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Some History

This cavalry guidon was captured from Colonel Gardiner's 13th Dragoons at Falkirk

Edward StuartJohn Daniel, an English volunteer serving in Balmerino's troop, recorded that at Elgin it was given a curious fine Standard with the motto Britons Strike Home. British cavalry standard 's of this period are poorly  documented comparing them with surviving examples that most had a union flag in the Canton and regimental motto or device on the flag. John Daniel saved the flag from being recaptured in the aftermath of CULLODEN but his riding jacket and flag were stolen by two deserters from the Irish Piquet. 

HRH Prince Charles Edward Stuart, 1720-1788

Edward StuartThe Prince left France for Scotland on the 7th July 1745. On board the 'Du Teillay' accompanied by an escort ship the 'Elizabeth'.  On the 9th of July they were intercepted by HMS Lion of the Royal Navy. An intense naval gun battle ensued which lasted four hours. Both French Ships managed to escape , but the ' Lion ' was badly damaged in the engagement. The 'Elizabeth' was also damaged and returned to France. The 'Du Teillay' unscathed sailed on with the Prince and landed on the Isle of Eriskay on the 23rd. July 1745. He was advised to return home to France. He responded "Sir, I am come home" and on the 19th August 1745 the Prince's Standard was raised at Glenfinnan and the rest is history.

Naval Skirmish on the River Forth 9th-10th January 1746. Prelude to the Battle of Falkirk Muir on January 17th 1746.

It was obvious to the inhabitants around the River Forth at Stirling, Alloa, Airth and Falkirk that the Jacobite army under the command of Lord George Murray were using this part of the river as a crossing point to supply the troops assembling at Bannockburn and the surrounding area. Hanoverian spy and government tax and custom officer Walter Grosset was asked by the Lord Justice Clerk in Edinburgh to try and stall the Jacobite army here by deploying two sloops of war from Leith. The Vulture and The Pearl supported by armed boats carrying troops, the Happy Jennet and the Jean of Leith and another out of Kinghorn. The flotilla set sail up the Forth and managed to set fire to two skiffs that the Jacobites had anchored at The Pow estuary, near Airth. They deployed their Redcoat marines under the command of a Colonel Leighton at Kincardine whose aim was to outflank the Jacobite forces at Alloa, unfortunately the Jacobite force here had been strengthened by 300 Camerons and the government force retreated back to Kincardine and boarded their troop transports back to Leith. The troops on the Airth side of the river, under cover of darkness, reached Kersie Mains House where they thought Lord Elcho was staying, unfortunately he had left the house earlier to command the Artillery emplacement at Elphinstone-Pans. They returned to their boats and reached the two sloops Vulture and the Pearl which were now stuck on a sand bank mid river on the low tide. The Jacobite artillery now alerted to these actions opened fire on the sloops who returned fire and in the ensuing fire fight there were casualties on both sides. The Royal Navy had the pilots of their sloops mortally wounded and later died and are reputed to have been buried at or near Higgins Nuek ferry. At high tide the two sloops sailed down the river back to Leith leaving the upper Forth under Jacobite control. History tells us that if the government troops had been a little bit braver and been more adventurous, that if they had gone a little more inland, their main enemy and wanted man, with a price of £30,000 for his arrest and capture, was convalescing at BannockburnHouse being looked after by Lady Clemintina Walkinshaw.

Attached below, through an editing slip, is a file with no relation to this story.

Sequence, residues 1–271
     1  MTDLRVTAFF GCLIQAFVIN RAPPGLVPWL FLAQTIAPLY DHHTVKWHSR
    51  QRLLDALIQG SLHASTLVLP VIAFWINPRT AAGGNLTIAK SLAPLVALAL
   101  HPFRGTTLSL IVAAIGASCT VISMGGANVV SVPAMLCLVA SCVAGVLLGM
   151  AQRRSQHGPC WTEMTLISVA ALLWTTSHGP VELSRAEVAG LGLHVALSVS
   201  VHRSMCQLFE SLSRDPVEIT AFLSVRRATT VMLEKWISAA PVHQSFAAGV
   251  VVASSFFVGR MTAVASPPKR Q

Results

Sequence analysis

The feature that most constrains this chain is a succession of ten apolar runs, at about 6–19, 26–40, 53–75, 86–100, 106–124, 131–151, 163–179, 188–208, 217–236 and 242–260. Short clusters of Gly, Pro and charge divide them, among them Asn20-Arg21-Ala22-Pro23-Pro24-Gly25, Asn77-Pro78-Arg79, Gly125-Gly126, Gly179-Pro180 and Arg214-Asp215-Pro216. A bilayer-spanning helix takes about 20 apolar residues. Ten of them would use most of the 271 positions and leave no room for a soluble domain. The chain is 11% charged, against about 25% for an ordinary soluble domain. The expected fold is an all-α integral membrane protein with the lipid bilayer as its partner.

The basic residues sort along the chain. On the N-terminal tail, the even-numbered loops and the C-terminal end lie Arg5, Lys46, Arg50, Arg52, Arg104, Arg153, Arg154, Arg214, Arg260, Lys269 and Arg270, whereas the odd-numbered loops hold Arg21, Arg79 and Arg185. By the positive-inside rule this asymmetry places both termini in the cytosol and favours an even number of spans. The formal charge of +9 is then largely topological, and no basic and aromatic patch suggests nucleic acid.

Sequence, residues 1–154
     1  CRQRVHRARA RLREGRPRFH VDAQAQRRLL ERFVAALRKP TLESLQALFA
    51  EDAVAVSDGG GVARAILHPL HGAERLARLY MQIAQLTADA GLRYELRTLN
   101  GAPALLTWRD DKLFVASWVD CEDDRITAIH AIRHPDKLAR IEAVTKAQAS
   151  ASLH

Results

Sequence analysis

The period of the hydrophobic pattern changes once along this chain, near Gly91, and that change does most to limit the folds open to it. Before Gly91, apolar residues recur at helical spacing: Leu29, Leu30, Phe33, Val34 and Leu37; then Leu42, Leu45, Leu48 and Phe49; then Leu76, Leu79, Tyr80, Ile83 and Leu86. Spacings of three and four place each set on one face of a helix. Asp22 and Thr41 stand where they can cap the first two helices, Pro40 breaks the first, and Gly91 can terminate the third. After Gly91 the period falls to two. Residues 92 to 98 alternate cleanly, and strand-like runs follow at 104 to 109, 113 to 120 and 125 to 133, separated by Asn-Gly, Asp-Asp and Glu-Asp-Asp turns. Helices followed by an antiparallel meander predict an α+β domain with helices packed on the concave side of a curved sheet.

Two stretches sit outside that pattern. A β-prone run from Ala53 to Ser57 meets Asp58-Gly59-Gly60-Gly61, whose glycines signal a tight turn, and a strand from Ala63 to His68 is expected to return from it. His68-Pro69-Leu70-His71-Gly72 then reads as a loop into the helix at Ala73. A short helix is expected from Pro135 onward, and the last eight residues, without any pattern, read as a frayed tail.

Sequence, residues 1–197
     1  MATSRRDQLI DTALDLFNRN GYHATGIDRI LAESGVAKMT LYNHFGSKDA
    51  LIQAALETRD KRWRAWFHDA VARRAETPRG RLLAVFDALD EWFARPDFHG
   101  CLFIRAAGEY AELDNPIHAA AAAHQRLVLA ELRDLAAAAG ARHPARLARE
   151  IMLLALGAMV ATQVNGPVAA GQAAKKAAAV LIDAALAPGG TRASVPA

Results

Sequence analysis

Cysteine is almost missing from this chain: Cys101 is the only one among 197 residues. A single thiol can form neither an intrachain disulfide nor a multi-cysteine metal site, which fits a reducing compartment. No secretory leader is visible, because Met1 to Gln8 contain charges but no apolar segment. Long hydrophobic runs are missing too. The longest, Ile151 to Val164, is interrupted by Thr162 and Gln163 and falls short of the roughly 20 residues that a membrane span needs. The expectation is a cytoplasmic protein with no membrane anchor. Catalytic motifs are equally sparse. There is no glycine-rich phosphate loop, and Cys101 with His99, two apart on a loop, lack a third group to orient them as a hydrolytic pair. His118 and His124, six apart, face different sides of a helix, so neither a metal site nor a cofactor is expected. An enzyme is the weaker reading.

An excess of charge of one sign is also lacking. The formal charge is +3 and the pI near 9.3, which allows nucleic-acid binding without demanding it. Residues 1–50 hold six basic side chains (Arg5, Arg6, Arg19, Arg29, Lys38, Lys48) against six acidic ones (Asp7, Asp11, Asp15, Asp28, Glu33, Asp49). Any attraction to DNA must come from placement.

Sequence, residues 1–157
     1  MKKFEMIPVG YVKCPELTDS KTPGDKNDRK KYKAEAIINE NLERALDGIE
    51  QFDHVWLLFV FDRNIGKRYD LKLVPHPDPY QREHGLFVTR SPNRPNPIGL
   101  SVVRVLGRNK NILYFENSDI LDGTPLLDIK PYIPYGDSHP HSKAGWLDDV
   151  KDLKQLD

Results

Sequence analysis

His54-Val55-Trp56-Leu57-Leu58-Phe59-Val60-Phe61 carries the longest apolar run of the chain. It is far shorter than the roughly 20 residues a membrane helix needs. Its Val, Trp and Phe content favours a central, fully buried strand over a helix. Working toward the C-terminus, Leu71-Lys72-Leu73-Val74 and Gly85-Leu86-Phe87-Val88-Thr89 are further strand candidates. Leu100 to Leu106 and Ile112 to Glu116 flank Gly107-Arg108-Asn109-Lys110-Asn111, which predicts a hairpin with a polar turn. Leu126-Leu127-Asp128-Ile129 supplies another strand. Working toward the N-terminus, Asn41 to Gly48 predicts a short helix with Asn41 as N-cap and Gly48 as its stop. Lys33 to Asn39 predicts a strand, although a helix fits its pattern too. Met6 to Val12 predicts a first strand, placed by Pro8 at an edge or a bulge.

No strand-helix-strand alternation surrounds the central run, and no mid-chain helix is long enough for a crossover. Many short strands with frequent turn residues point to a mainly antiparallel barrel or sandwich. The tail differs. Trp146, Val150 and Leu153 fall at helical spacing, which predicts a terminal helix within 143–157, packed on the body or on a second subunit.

Jacobite Standards that were saved from being captured

At least Seven Jacobite Standards that were carried onto the battlefield of CULLODEN were saved from being captured. These were :

  • The two Cameron Battleflags - held in a private collection at Achnacarry, Cameron of Locheil.
  • John Gordon of Glenbuchat's Regiment - held in an unknown private collection. 
  • The Green flag of Kincardine - lost.
  • Lady Anne Mackintosh Regiment (Clan Chattan) - lost.
  • Lord Ogilvy's Second Battalion -on display at the McManus Art Gallery in Dundee. 
  • Stewart's of Appin banner - on display at the National Museum in Edinburgh. 

Jacobite Flags that were burned by the public hangman, John Dalgleish, on Wednesday 4th June 1746

merkat crossFourteen Jacobite Colours were reported to have been captured at CULLODEN. Descriptions survive on a receipt given for them by a Major Hu Wentworth of the 6th Foot on the 11th. May 1746. Soldiers who had captured Jacobite banners were paid Sixteen Guineas each The Flags were carried to the merkat cross by chimney sweeps and low life members of Edinburgh flanked by an escort of foot soldiers. A senior herald read out the proclamation that “These scraps of silk and braids be burn't by the Public Hangman by order of HRH the Duke of Cumberland" (the butcher). Each Banner was named then held over the flames.

  • The Prince's Standard.
  • A white linen Colour belonging to the Farquharsons.
  • A white linen Colour with motto 'Feros Ferio' - Chisholm. 
  • Blue silk Colours with motto 'Sursum Tendo' belonging to Sir James Kinloch, commander of the 2nd Battalion of Lord Ogilvie's Regiment. 
  • A white silk Colour with ehe Stuart Arms and motto 'God Save the King'. Probably carried by Lord Kilmarnock's Footguards. 
  • A white silk Colour and in the top canyon a St Andrew’s Cross belonging to Bannerman of Elsick's Regiment. 
  • A white silk Colour with red Saltire and a white silk Colour with blue Saltire belonging to The Atholl Brigade. 
  • Two blue silk Colours belonging to Lovat's Clan Fraser. 
  • A piece of blue silk with a St Andrew’s Saltire with the motto 'Commit the Work to God' belonging to Cromartie's Regiment